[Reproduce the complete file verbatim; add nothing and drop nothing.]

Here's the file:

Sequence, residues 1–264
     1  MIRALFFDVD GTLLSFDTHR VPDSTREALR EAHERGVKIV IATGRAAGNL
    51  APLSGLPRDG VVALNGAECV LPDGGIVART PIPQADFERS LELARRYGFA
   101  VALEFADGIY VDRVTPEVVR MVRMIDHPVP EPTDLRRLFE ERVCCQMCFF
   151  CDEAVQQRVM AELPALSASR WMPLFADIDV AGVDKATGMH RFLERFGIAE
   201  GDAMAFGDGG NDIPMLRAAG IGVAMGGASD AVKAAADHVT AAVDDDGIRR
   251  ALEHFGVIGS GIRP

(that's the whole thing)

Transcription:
Sequence, residues 1–264
     1  MIRALFFDVD GTLLSFDTHR VPDSTREALR EAHERGVKIV IATGRAAGNL
    51  APLSGLPRDG VVALNGAECV LPDGGIVART PIPQADFERS LELARRYGFA
   101  VALEFADGIY VDRVTPEVVR MVRMIDHPVP EPTDLRRLFE ERVCCQMCFF
   151  CDEAVQQRVM AELPALSASR WMPLFADIDV AGVDKATGMH RFLERFGIAE
   201  GDAMAFGDGG NDIPMLRAAG IGVAMGGASD AVKAAADHVT AAVDDDGIRR
   251  ALEHFGVIGS GIRP